DNA Information on Genealogy Websites Led to Break in Golden State Killer Case, Sacramento DA’s Office Confirms

The man suspected of being the Golden State Killer was arrested after investigators compared DNA collected from crime scenes to genetic information on genealogy websites, KTLA sister station KTXL reported Thursday.

The DNA matched a relative of 72-year-old Joseph James DeAngelo, a source close to the investigation told the Sacramento television station. From there, investigators zeroed in on DeAngelo, who lived on a quiet residential street in Citrus Heights, a suburb northeast of Sacramento.

The booking photo for Joseph James DeAngelo, the suspected Golden State Killer, was released by the Sacramento County Sheriff's Department on April 25, 2018.

The booking photo for Joseph James DeAngelo, the suspected Golden State Killer, was released by the Sacramento County Sheriff's Department on April 25, 2018.

Detectives were able to match the DNA with a sample DeAngelo “discarded,” Sacramento County Sheriff Scott Jones said Wednesday, declining to go into detail about the sample.

Details of what led investigators to the suspect are now emerging, a day after officials confirmed the revelation that investigators believe they have finally found the man who committed a series of gruesome and violent crimes that gripped California in the 1970s and 1980s.

The Sacramento Bee was the first media outlet to report that the DNA from genealogy websites was used to track down DeAngelo, confirming the information with the Sacramento County District Attorney's Office.

Chief Deputy DA Steve Grippi told the newspaper that investigators used DNA obtained from one of the crime scenes and compared it to genetic profiles available online through genealogical websites in which people submit samples in an effort to learn more about their ancestors.

Many such websites exist, and it was not immediately clear which sites or how many were utilized.

Four companies contacted by CNN denied having any connection to the case. Ancestry, Vitagene, MyHeritage and 23andMe said they didn't provide customer information to law enforcement officials.

A spokesperson for Ancestry told KTLA it "advocates for its members' privacy and will not share information with law enforcement unless compelled to by valid legal process," while 23andMe said its policy is "to resist law enforcement inquiries."

The nature of the investigation raises questions about the privacy of consumer-grade DNA testing, which has increased in popularity in recent years. Two women who work with DNA Doe Project, a nonprofit that seeks to identify Jane and John Does, said consumers need to be aware of the benefits and risks associated with such products before allowing their sensitive data to be collective.

"There are a lot of us that have our relatives and friends tested, and now the discussion is we should be aware to inform these people of what might happen when their DNA is out there," said Colleen Fitzpatrick, a co-founder of the organization.

People who use the kits may not even realize has access to their information, especially if they don't read the fine print, said Margaret Press, who co-founded the nonprofit with Fitzpatrick.

"We all need to assume wherever we test, wherever we move our data to, someone somewhere will ultimately be able to get that data," she told KTLA. "You can agree to be part of that great experience, essentially, where research is being done using our DNA, which is supposedly anonymized, to develop new drugs in the treatment of disease."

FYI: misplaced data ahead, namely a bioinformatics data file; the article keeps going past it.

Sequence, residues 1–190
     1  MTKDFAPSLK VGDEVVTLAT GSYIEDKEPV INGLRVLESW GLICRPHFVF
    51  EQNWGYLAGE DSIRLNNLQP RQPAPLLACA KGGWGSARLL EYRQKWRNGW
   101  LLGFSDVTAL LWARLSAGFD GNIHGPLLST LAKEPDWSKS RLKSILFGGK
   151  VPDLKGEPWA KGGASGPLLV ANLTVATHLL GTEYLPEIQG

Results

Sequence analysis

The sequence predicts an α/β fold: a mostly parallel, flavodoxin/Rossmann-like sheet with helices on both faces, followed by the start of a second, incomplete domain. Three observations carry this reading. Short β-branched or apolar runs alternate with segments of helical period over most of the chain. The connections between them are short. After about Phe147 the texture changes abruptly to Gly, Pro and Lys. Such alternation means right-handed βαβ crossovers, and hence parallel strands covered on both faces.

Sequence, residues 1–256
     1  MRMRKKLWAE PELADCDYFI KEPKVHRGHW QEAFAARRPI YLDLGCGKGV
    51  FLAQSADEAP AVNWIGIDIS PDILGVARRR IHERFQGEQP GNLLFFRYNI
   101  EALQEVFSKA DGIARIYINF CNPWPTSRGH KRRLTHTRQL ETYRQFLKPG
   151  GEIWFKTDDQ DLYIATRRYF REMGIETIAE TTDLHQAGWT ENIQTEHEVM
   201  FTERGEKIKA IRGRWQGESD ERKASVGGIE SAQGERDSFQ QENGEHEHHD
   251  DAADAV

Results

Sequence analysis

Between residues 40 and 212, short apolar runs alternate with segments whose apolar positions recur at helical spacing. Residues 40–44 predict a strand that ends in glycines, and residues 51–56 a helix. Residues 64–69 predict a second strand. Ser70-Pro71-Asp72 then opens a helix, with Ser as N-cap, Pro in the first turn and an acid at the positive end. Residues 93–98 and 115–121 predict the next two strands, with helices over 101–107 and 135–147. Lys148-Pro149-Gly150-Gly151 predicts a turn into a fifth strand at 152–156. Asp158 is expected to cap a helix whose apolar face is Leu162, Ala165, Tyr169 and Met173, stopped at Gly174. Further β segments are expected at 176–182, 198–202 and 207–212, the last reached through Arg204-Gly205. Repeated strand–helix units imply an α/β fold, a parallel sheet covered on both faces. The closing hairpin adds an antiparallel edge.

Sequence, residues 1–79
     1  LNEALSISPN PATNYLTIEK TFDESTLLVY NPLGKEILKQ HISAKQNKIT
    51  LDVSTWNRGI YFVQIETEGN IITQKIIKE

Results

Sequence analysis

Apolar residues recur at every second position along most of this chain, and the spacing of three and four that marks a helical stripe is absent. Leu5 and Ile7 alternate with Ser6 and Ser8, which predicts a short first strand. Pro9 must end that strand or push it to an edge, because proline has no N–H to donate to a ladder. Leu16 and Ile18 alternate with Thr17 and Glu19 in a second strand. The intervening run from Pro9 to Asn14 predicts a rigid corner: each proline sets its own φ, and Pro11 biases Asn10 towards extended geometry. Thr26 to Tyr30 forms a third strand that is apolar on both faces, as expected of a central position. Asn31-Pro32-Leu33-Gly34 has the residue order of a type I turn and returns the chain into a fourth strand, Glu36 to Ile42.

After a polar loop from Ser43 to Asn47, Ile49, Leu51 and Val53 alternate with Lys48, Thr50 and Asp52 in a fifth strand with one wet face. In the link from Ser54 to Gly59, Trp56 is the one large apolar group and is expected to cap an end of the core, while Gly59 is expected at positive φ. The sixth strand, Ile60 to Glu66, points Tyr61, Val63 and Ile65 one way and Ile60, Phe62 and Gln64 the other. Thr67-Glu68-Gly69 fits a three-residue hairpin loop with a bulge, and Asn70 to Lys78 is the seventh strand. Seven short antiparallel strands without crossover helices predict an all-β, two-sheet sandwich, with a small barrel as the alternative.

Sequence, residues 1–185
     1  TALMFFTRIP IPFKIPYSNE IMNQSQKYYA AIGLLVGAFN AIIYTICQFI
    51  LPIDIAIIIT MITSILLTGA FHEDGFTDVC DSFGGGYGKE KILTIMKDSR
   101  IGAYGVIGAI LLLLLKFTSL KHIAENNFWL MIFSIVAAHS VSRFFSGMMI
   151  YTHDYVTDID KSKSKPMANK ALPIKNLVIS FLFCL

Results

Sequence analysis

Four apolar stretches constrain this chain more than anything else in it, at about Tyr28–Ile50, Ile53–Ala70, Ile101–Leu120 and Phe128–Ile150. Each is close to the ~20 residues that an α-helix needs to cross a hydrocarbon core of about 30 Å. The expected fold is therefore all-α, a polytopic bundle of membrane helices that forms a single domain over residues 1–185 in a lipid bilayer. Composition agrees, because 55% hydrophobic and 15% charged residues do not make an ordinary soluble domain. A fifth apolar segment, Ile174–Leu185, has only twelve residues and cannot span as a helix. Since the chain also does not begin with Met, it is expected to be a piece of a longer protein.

It took investigators a long period of time to piece together the clues in the Golden State Killer case, as they first matched samples collected from crime scenes to DNA from various online family trees, Grippi told the Bee. From there, they narrowed it down, following clues to individuals to see if it led to any potential suspects in the decades-old case.

The meticulous investigation finally appeared to pay off last Thursday, when they identified DeAngelo as a possible suspect, Grippi said. DeAngelo fell into the right age range and had resided in the areas where the crimes took place, the Grippi told the Bee.

After DNA results from original crime scene samples positively matched DeAngelo, authorities gathered a second one to bolster their case. By Monday evening, after the results came back, officials were preparing to make an arrest, according to the Bee.

In a brief emailed statement, Grippi confirmed the Bee's reporting to a number of outlets, including KTLA, but declined to provide further details.

"We can confirm that what Sam Stanton from the Bee reported today is accurate. It's an ongoing investigation.  We have given you as much information as we can at this time.  No further information on this subject will be provided," Grippi said in the statement sent out by the DA's office.

DeAngelo was arrested outside his home on Tuesday afternoon, but it wasn't formally announced until the following day. KTXL first reported the arrest on Tuesday night.

The suspected Golden State Killer is alleged to have slain 12 people and committed at least 50 rapes in 10 counties across Northern and Southern California between 1976 and 1986.

Some of the crimes occurred while DeAngelo worked as an officer in the Auburn Police Department. He was fired from that job in 1979 after shoplifting from a Sacramento drugstore, according to authorities.

DeAngelo has been charged in connection with several killings and rapes in several counties, including Sacramento, Orange and Ventura.

He is expected to make his first court appearance in Sacramento Friday.